A Now-Dated “I-Hate-It-When…”

(I am having the sneaking suspicion I wrote something just like this before, but it just be a Paul McCartney-“Yesterday” deal. Then again, it may be self-plagiarism or plagiarism that isn’t even that innocent.)

I hate it when commentators, and it’s almost invariably restricted to sports, make comparisons between persons merely for their similarities in nothing more than height, weight, and race. For instance, I recently heard more than one so-called analyst compare Tyler Zeller to Bill Bradley re: his baby hook. Well, here’s a little agit for the never believer, genius squad. Magic Johnson was the king of the baby hook. And, as a devotee of Magic in my younger years, I can sure as hell tell you that Tyler’s version doesn’t resemble Dollar Bill’s full-out hook. It’s spot-on Magic. And Tyler is 3″ taller, weighs 15 pounds less than Earvin, and just like the rest of us from Washington [IN] (save 15-20 fine folks) who speak English as a first language, is not going to college on UNCF dollars.

I just provided you that one example to give you an idea of the kind of thing I’m talking about. It’s a rampant practice in broadcasts of all the major sports. It reeks of stale thinking, and it represents shoddy journalism.

The previous paragraphs’ premise established, it is with great torment that I present the undeniable analysis/player comparison of one Jimmer Fredette. As a late night poker player (most casinos show sports on the TV in poker rooms), I watched a disproportionately high number of BYU regular season games this past year, given they’re on in late time slots. And a theme kept repeating itself over and over: he’s Pete Maravich.

It rips me up in side to say so, and I’d like to believe in my heart of hearts that I’m not influenced by race here. I’m trying to find old tape of Mateen Cleaves to hopefully wash me of this. Hell, maybe I could even get halfway away from it with a Jason Kidd comparison.1 But, I can’t find it.

This kid has the game of Maravich. He can AND WILL shoot it from anywhere in the gym. He’s got a high assist rate. He plays with the same heart and same gusto. He controls a game’s tempo, for better or worse. He’s got intangibles that fail to show up on a stat sheet to indicate how he won OR lost a game for his team.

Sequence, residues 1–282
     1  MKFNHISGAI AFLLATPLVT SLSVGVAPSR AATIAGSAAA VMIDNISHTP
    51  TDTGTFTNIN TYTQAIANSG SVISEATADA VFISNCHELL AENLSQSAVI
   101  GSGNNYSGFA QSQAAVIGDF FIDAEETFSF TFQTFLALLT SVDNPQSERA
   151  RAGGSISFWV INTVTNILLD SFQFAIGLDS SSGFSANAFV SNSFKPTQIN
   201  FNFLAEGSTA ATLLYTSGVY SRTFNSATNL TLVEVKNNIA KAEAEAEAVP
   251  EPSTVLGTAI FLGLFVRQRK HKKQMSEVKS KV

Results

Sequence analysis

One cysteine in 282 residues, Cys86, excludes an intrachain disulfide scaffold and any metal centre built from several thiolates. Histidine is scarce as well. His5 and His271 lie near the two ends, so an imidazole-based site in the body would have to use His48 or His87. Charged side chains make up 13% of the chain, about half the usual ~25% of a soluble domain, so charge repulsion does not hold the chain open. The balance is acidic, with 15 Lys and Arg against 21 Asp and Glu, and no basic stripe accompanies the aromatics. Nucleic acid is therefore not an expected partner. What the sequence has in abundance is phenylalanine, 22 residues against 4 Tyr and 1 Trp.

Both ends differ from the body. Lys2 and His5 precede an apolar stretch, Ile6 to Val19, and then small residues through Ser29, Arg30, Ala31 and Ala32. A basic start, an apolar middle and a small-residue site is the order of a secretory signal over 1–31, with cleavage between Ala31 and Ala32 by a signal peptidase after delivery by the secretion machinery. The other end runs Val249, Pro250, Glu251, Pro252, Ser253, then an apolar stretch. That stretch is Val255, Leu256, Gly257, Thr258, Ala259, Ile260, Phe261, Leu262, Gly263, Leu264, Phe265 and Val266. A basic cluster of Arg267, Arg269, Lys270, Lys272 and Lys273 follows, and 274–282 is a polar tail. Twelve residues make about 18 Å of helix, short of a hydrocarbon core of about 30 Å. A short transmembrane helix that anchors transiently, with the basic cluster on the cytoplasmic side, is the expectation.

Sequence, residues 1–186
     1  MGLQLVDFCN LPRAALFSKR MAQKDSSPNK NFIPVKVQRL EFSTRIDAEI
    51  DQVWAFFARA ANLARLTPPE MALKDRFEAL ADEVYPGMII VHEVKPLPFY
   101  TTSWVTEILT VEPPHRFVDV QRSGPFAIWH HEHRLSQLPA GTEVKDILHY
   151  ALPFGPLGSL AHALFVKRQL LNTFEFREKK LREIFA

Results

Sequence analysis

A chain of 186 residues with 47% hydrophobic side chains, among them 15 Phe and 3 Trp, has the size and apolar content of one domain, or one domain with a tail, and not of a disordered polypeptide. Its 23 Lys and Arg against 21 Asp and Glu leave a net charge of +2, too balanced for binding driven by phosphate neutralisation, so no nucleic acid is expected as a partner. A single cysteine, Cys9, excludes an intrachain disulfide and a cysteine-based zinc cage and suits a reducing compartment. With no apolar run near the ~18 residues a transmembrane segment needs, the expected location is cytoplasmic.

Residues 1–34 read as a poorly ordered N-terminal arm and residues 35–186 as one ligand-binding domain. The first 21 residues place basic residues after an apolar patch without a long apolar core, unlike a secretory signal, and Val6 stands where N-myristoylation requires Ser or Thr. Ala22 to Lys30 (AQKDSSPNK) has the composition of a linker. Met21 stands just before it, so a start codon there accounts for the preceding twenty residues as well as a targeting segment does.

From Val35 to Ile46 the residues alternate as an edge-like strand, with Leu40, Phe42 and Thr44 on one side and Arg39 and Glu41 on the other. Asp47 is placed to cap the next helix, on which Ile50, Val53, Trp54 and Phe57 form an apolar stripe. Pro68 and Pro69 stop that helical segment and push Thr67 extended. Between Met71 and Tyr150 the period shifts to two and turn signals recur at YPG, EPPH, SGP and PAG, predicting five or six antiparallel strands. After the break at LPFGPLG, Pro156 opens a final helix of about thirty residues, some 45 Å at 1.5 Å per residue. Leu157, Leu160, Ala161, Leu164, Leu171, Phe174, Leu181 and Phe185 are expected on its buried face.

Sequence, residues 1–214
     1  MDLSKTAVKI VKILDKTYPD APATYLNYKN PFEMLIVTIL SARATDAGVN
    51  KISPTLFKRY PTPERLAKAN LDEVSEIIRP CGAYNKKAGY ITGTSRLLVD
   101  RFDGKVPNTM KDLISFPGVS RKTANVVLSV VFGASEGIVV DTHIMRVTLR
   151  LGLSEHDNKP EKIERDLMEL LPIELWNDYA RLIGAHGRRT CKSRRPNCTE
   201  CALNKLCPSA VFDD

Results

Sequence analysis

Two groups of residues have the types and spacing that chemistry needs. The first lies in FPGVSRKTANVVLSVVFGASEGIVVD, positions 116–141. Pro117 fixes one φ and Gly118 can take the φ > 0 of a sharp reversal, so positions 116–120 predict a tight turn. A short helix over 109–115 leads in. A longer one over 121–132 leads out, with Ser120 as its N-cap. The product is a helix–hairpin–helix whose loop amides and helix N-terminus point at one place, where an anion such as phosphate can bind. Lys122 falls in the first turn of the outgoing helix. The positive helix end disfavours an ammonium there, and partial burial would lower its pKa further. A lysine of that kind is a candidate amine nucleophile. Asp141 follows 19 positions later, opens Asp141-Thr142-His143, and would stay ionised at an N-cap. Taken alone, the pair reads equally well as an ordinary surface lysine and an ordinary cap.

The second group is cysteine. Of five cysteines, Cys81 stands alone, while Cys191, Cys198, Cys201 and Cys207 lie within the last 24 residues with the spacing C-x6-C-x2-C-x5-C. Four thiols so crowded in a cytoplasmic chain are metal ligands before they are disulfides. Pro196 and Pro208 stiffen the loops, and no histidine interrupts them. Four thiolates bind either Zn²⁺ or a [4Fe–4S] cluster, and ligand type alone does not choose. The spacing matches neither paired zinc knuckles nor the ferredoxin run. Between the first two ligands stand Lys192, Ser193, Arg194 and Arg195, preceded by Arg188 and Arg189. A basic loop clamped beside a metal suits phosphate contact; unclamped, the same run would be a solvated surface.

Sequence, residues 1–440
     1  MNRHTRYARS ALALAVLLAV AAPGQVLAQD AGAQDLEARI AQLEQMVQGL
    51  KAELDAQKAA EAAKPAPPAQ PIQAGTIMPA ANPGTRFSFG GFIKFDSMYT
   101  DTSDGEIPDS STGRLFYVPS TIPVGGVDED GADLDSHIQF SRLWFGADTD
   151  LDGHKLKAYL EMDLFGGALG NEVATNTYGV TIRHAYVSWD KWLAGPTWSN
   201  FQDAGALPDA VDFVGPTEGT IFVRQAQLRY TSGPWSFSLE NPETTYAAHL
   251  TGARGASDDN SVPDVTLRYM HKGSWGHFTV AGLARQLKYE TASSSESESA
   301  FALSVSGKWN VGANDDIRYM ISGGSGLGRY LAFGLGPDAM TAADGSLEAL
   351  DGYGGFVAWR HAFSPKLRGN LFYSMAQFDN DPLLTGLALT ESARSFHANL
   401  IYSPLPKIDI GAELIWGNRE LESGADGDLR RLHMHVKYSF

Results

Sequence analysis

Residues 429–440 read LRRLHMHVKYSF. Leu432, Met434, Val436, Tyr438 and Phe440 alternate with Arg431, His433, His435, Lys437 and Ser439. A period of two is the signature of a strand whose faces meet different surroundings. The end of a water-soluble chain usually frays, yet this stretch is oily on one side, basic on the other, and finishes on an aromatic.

Additionally, given all of Maravich’s talent, I always felt there were significant gaps in his game. I feel the same about Jimmer. I start finding myself wanting to scream about fundamentals. I jump to mental rants about carelessness. And I start to begin to want to write everyone who voted this kid unanimous player of the year. But, I can’t. For all of the negative checks against him, I’m still inclined to agree.

In short, I can’t find a good reason to dislike him, or negate the argument. Jared Jeffries had about the shakiest game in the country in 2002, and I don’t know that there was anyone in the land I’d rather have had underneath for us, save Kirk Haston returning for his senior year. Larry Bird was a barely average defender. Kareem was slow moving up and down the court. You get the idea. The point is, I think our (my) expectations for what a player should be have been redefined by the unreal basketball talents that make the A-list ranks these days. And that’s just unreasonable.

So, congratulations Jimmer. You’ve earned it. Now, follow in the footsteps of Danny Ainge and have yourself a great NBA career.

1According to Wikipedia, which could not possibly ever be wrong, Jason Kidd’s mom is white and his late father was black. I’m sure to check such things after ESPN once famously reported Kelvin Sampson to be the second African-American coach in a row that IU had terminated. I was shocked to see that ESPN had chosen to take that tactic. Sampson was shocked to find out he was black. Like with Kidd, I didn’t know one way or another with Coach Assbag, and thought he just might be an ethnic model for the great nation of ours. Turns out he was of a race of people that have historically been screwed over in the US MORE than African-Americans. Talk about your missed opportunities, ESPN.

Adam Bowling